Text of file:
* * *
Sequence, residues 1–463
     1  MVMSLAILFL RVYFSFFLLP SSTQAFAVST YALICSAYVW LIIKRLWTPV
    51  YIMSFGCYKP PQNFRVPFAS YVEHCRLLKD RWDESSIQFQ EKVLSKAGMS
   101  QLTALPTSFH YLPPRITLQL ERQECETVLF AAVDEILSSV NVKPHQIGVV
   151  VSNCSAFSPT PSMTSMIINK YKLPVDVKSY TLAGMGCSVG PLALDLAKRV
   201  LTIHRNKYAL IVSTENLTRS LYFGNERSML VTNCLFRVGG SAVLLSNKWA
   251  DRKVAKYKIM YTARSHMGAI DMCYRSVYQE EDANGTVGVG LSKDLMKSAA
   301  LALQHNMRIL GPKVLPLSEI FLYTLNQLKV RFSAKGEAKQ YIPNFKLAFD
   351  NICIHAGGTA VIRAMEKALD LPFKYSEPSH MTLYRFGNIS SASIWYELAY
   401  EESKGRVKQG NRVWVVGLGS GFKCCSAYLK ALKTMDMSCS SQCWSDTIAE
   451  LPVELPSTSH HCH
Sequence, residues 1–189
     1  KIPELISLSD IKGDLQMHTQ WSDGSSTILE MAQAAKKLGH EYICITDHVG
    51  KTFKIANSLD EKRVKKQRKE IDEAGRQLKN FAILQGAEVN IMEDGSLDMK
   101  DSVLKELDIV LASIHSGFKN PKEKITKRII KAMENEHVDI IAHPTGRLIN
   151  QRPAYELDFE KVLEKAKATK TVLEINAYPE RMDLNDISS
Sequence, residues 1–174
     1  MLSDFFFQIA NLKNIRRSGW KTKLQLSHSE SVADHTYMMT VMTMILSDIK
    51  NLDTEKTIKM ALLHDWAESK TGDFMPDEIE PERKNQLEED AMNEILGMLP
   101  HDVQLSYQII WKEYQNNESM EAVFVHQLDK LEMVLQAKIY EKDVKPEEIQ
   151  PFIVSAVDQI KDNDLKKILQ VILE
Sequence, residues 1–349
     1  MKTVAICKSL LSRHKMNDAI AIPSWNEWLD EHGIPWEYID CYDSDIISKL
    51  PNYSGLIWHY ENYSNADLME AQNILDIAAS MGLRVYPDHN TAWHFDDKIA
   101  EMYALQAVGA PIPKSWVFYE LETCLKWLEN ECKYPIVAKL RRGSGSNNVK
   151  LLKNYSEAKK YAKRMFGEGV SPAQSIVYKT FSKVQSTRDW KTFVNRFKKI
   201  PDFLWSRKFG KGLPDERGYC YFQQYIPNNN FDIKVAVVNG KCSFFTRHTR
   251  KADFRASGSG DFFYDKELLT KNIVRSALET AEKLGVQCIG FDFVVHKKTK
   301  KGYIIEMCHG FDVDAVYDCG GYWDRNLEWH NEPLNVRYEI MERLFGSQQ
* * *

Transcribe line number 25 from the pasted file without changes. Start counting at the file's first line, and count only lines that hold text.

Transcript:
   101  EMYALQAVGA PIPKSWVFYE LETCLKWLEN ECKYPIVAKL RRGSGSNNVK